While many GIs will say that diet doesn't affect IBD I believe, for me at least, that it does. If I drink cow's milk or coffee, or eat citrus fruits, red meat, raw veggies, melons, hot and spicy foods, or anything containing red food coloring or preservatives I can be assured I will suffer a bout of diarrhea within the next 24 hours. It's just how my body is. In order to find my food triggers I embarked on an Elimination Diet - an arduous, but very useful diet that helps you determine what foods are triggers for you and what foods you might actually be allergic to.


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    Stress is a huge trigger for me. Throw a good amount of stress into my life and my IBD symptoms rear their ugly heads - diarrhea, urgency, cramps, and fatigue. So, I've learned to slow down. Not always an easy thing to do in a world where we're constantly tethered to our computers, cell phones, and cars, but I've learned that if I run too hard, work too hard, or, even play too hard, I will pay the consequences. And I've learned that how fast and how hard I live my life truly is up to me. I have altered my lifestyle, I have slowed down, but I still live a good, full life with plenty of friends, adventure, travel, and relaxation. I now make time in my days for myself - this might mean reading a book, sitting on the front porch to take in the sights and smells, or chat with a neighbor. Yoga, Reiki, and meditation are new parts of my life that I find hugely rewarding both physically and mentally. I've changed how I work opting to leave my job in professional public relations in exchange for a life as a freelance writer - I make less money and have to pay for my own benefits, but I have more control over how I live, how I work, and how I play. And when a "bad day," as I've come to call them, pops up it's a lot easier to ask the boss for a day off.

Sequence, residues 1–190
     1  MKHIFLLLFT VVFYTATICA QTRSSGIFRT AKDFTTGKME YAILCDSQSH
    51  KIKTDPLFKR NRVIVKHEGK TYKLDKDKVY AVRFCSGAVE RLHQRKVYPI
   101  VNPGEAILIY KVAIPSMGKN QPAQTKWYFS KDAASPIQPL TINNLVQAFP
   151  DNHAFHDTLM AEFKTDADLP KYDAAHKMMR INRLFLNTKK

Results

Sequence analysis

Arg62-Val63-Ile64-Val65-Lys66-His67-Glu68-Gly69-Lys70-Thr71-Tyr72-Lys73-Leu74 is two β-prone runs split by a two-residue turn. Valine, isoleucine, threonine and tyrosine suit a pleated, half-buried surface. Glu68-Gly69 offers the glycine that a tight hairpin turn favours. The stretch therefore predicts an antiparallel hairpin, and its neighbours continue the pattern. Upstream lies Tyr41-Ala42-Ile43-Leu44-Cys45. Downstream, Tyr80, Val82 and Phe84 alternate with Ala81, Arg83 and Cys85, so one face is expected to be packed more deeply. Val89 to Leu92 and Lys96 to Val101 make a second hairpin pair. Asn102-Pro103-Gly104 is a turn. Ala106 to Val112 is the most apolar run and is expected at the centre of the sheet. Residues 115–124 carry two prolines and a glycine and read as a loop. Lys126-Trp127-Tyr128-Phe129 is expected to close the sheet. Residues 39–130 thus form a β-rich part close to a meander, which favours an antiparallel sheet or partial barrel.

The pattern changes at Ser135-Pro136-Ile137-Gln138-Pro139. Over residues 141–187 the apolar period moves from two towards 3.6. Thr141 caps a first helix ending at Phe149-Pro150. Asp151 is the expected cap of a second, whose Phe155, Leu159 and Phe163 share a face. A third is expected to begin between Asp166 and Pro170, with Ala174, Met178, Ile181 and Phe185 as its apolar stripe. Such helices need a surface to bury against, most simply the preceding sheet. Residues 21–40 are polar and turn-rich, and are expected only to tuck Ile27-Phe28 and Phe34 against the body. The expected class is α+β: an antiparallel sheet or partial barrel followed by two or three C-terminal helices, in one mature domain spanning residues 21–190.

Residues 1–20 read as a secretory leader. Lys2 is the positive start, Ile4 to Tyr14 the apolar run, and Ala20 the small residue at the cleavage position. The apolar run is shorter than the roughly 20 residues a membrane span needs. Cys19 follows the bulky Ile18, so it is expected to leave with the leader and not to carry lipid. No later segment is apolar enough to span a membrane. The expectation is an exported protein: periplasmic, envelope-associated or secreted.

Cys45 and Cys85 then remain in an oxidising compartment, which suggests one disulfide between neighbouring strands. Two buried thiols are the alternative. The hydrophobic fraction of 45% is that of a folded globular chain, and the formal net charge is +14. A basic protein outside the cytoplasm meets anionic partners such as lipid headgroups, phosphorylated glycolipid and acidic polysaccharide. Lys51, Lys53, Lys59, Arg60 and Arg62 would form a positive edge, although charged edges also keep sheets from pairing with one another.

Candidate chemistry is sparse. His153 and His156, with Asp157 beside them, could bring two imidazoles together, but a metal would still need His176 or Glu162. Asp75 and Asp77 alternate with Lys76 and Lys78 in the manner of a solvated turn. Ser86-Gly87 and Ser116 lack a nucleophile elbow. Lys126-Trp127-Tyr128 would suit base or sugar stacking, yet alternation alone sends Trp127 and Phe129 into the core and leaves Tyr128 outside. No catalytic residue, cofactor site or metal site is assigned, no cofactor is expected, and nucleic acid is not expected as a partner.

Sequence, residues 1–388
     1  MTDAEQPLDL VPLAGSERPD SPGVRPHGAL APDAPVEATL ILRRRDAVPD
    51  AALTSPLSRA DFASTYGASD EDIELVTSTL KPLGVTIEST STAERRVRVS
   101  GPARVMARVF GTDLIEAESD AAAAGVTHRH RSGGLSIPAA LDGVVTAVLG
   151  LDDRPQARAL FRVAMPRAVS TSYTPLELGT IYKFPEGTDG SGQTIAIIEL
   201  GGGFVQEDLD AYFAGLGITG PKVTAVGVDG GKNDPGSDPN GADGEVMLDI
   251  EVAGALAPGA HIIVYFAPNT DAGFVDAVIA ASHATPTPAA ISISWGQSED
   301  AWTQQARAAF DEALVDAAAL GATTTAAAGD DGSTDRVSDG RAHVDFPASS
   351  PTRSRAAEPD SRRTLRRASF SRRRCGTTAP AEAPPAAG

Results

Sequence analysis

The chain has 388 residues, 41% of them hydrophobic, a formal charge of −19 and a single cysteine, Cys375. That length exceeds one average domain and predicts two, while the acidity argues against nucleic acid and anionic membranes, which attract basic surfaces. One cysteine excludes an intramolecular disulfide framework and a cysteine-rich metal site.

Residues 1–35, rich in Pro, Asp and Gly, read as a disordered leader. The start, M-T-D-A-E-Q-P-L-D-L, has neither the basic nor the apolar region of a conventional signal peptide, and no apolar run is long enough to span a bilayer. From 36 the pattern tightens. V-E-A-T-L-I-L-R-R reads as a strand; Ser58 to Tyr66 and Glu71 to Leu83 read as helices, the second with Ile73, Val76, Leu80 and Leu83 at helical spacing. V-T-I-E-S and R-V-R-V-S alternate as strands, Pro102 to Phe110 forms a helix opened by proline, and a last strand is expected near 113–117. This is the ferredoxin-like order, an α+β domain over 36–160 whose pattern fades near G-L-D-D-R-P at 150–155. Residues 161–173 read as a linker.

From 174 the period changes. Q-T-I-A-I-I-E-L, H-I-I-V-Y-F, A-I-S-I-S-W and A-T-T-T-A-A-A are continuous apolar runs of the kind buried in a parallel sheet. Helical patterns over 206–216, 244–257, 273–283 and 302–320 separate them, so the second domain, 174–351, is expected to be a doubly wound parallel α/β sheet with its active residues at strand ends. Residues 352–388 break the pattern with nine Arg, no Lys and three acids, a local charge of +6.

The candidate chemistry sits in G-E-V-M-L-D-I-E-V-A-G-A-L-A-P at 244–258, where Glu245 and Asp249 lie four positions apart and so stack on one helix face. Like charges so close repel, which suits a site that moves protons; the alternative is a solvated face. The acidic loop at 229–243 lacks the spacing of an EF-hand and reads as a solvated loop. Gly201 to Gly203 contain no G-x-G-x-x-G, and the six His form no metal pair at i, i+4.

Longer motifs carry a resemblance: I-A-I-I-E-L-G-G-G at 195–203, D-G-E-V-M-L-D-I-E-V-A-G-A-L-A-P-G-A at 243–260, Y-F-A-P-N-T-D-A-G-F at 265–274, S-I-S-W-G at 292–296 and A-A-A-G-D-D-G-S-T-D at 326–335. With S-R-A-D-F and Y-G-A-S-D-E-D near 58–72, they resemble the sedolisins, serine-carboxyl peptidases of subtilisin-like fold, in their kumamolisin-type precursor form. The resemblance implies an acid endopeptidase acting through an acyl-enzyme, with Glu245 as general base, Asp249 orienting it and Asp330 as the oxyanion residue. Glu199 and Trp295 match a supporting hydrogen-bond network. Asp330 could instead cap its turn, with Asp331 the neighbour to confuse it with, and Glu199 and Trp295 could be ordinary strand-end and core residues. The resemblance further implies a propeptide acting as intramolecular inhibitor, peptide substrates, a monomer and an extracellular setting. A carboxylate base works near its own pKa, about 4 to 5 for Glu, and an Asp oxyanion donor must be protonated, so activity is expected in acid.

I still have "bad days," sometimes even "bad weeks," but for the most part of the past three or four years flare-ups have been few and far between. But, I live a very different life today than I did prior to 1998. My husband and friends are tolerant of the changes I've had to make and I actually find my life better after my IBD diagnosis than before it. Now I appreciate every good day I have without symptoms or problems from IBD. And even on those now rare "bad days" I know relief is attainable and within my power.


    A little more than a year ago I wrote and published a book titled: Living with IBD & IBS: A Personal Journey of Success. The book takes the reader through my journey of learning how to live a successful life despite these chronic, and frankly, embarrassing diseases. You can read excerpts and order it online at


    I am thrilled that HealthCentral Network has provided us IBDers with our own web site, a place where we can forge our own community. I hope this space will be a safe place where we can share with each other our triumphs, our frustrations, and our day-to-day concerns about living with IBD. And I hope you'll continue to follow along with me on my bog blog.

Published On: November 06, 2007